Limbaugh’s death comes at a time in which the country is grappling with the corrosive influence of false claims spread by outlets such as Fox News, Newsmax and One America News, leading some liberals to wonder if a revived Fairness Doctrine could help stymie the flow of misinformation. But the doctrine would be the wrong tool at the wrong time and, further, would not solve our recent problems of “both-sides-ism.”
The Fairness Doctrine was a relic of the network era. It required that broadcasters cover issues of public importance, and when they did so, to give both sides of the issues. The doctrine was well intentioned but flawed. First, are there just two points of view on issues, and should both always be aired?
When Edward R. Murrow broadcast coverage of the London blitz during World War II, he tried to be objective, as per CBS guidelines, but at the same time he did not give Hitler’s point of view on the situation. There was a limit to what fell into the “sphere of legitimate controversy,” as one communications scholar describes it, but it was not always clear where that limit was, a problem that continues today as the mainstream media grapples with covering white nationalists.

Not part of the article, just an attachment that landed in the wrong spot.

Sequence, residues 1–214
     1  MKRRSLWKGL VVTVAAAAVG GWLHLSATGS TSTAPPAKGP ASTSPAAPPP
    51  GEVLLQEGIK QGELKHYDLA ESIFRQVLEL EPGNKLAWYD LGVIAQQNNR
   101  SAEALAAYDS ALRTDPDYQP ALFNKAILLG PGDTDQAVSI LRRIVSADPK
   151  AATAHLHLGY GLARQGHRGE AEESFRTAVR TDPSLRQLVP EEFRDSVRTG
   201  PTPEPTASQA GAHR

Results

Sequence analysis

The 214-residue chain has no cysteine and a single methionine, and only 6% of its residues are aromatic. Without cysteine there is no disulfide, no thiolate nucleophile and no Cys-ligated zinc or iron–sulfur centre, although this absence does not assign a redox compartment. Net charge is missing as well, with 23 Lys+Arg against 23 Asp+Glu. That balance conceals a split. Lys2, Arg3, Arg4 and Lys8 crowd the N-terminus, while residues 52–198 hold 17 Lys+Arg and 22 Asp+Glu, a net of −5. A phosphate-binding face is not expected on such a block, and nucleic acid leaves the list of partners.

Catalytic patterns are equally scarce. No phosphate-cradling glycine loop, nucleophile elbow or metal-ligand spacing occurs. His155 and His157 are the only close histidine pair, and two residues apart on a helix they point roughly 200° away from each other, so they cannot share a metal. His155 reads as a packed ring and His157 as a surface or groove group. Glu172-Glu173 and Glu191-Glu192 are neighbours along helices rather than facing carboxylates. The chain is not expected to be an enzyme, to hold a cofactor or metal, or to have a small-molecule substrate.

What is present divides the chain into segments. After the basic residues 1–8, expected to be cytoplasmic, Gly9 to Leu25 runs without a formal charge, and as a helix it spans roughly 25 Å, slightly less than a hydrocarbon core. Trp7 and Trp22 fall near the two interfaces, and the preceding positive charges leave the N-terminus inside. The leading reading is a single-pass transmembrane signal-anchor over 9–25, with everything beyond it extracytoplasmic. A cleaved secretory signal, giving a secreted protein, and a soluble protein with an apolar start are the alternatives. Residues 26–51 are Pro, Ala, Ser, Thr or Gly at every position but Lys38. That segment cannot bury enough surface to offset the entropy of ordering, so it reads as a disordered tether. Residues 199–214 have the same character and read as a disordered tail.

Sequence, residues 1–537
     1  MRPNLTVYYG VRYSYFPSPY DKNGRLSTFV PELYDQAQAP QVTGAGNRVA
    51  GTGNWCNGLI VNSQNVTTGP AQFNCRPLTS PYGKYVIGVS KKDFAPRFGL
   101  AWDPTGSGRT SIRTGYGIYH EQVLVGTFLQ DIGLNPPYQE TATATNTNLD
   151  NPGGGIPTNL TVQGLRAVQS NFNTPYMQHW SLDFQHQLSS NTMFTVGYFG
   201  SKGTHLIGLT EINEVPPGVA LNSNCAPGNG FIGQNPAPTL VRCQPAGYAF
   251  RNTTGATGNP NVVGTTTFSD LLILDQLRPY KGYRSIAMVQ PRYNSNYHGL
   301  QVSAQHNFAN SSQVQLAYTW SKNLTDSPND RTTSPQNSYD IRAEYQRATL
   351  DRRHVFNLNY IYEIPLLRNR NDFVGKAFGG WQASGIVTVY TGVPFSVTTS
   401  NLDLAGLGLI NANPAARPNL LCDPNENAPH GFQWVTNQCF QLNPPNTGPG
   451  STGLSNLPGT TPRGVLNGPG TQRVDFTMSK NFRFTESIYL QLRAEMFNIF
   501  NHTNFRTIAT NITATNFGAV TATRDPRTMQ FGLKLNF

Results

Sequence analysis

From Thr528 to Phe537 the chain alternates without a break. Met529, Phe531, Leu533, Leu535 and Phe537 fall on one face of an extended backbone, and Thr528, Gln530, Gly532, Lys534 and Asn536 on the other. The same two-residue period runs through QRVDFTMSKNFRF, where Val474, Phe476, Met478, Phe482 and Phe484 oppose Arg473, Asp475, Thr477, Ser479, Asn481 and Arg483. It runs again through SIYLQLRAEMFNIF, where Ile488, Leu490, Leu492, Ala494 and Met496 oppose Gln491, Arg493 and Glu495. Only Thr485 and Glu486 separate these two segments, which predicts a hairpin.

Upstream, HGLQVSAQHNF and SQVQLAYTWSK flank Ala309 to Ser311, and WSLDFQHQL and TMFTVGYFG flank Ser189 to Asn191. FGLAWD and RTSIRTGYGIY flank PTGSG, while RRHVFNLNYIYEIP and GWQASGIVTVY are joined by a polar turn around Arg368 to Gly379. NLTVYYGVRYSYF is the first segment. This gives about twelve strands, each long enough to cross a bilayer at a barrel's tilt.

There was also a problem with enforcement. The Federal Communications Commission simply waited for offended parties to file complaints. If proof was provided — the time-consuming process of generating written transcripts of the program in question — the FCC might contact the station and direct them to provide another perspective. But, it was the threat of regulation more than regulation itself that made some radio stations avoid or minimize personal attacks and coverage of issues.
The doctrine did help to keep demagoguery at bay. In the 1930s and early 1940s, Father Charles Coughlin made tremendously popular antisemitic, pro-fascist broadcasts, offering much encouragement to the Silver Shirts, a group of pro-Nazi Americans. The church shut him down before he was charged with sedition, while the broadcast industry scrambled, having no solid mechanism in place to address the problem.
The memory of Coughlin’s impact loomed when the FCC put the Fairness Doctrine in place in 1949, and the policy did aid in silencing anti-communist right-wingers like Clarence Manion, H.L. Hunt, Dan Smoot, Carl McIntire and Billy James Hargis who flooded the airwaves with one-sided diatribes against the Civil Rights movement; entitlement programs; the United Nations; the Kennedy, Johnson and Nixon administrations and even the fluoridation of water.